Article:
To support this expansion, the airport will have to accommodate business jets and Boeing 737s, which requires a longer runway.
The Lanseria international Airport is exploring different options of expansion, which could include the extension of the existing runway from 3km to 4.5km or potentially adding an additional runway.
To accommodate the increased traffic to and from the Lanseria International Airport, existing roads will have to be upgraded and new roads will have to be built.
Additional interchanges, subways, bridges, and service lanes are planned to enhance the current road system around the airport.
A powerful shaft of space through the core of the new smart city will be introduced to accommodate cyclists and pedestrians.
This will also become the seam that connects biodiversity green linkage, which will extend beyond the urban core into the neighbouring developments.
A series of non-motorised primary and secondary routes will form a tartan grid between the road networks.
The Lanseria Business Gateway will be located on 130 hectares of prime real estate between Lanseria Airport and the upmarket Blair Atholl Golf Estate.
It will be a 24-hour smart city zone that will offer retail, conference, and business facilities. It will also host the Lanseria luxury hotel.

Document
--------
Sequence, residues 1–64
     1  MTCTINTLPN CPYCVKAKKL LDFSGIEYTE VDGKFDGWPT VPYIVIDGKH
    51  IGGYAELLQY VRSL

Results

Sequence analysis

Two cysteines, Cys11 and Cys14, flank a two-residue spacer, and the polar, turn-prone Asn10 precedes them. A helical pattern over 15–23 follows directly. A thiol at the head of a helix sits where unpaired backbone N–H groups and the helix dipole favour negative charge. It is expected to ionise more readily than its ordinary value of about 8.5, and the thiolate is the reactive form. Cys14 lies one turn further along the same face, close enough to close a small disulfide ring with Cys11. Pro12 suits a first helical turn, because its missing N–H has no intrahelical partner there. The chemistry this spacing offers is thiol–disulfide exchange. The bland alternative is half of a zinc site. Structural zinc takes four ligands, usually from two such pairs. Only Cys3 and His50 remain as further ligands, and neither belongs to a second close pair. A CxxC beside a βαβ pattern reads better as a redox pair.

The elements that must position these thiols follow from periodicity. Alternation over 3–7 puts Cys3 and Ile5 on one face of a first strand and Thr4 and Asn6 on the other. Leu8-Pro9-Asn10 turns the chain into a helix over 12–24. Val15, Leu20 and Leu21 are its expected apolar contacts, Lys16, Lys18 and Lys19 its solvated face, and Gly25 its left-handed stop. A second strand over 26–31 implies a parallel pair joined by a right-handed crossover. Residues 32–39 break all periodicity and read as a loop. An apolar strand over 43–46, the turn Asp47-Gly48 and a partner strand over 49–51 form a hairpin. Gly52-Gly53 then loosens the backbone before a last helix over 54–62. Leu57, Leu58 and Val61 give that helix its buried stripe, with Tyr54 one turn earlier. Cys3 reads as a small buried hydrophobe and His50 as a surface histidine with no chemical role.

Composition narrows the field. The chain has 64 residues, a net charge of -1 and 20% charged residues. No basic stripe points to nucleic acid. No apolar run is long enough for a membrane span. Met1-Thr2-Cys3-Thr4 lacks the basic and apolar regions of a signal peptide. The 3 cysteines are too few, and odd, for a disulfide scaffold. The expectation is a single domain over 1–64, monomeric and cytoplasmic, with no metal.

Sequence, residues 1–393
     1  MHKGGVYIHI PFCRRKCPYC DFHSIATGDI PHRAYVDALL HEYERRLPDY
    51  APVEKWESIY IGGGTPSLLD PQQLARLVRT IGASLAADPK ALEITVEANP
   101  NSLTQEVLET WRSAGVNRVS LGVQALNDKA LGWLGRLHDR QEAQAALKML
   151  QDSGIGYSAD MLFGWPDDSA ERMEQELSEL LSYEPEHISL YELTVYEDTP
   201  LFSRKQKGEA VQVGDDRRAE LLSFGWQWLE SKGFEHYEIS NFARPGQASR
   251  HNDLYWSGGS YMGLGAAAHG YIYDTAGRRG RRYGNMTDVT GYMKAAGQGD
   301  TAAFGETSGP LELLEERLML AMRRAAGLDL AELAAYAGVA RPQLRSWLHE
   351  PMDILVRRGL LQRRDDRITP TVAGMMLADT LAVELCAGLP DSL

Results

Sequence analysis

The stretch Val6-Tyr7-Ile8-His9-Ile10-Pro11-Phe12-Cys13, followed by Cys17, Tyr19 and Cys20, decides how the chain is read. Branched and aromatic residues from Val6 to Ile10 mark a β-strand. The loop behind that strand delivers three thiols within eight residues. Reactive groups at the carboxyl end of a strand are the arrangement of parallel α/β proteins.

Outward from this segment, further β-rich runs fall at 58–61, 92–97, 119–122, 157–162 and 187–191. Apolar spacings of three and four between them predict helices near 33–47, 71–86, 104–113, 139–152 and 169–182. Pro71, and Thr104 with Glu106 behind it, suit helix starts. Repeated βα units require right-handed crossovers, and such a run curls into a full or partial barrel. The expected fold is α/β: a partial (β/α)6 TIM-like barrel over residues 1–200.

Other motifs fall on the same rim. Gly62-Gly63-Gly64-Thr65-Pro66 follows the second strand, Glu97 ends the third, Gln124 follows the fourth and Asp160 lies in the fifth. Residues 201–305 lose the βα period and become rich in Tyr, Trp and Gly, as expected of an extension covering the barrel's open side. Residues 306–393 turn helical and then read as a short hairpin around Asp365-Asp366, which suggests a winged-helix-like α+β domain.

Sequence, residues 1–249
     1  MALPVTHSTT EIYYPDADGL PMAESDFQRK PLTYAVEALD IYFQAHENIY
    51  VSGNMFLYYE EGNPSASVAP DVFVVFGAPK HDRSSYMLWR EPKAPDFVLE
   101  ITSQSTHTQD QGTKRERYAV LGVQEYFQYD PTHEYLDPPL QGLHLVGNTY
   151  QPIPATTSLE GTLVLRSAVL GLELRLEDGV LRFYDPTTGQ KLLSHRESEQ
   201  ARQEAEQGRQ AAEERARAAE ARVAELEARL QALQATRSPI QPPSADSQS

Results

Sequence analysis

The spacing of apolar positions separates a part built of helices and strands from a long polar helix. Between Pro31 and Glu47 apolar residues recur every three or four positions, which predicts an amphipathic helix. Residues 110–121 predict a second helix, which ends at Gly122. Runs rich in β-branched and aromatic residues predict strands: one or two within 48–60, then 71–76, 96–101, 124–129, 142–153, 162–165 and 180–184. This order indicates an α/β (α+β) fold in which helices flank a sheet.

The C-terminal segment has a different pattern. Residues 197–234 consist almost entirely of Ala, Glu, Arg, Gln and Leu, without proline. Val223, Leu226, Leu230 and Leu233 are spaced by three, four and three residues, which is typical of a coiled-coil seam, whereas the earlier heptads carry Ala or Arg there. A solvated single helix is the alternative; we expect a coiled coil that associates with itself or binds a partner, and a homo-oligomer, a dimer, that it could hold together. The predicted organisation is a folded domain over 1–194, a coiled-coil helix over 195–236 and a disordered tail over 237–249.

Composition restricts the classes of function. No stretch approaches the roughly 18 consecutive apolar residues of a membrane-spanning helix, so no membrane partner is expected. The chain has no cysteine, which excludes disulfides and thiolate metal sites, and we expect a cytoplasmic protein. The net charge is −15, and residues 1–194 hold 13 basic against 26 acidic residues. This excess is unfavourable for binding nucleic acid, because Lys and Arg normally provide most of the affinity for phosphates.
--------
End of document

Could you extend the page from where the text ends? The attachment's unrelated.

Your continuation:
To make the Lanseria Smart City safe for residents and workers, the streets, sidewalks, marketplaces, and parks will be well policed and well-lit at night.
The public areas of the city are aimed at street-life and social interaction and the design of the buildings facing onto these areas will encourage this.
Where it is possible, there is also the idea of making opportunities for small-scale market gardening available in an organised way so that urban agriculture can be included as part of the Smart City’s economic activity.
The idea is that the Lanseria Smart City will have accommodation for many socio-economic and cultural groups living in and around a higher density, mixed-use city.
As part of this accommodation, the Northern side of the Lanseria Smart City will include a sustainable residential area with river-frontage for high-end residential units.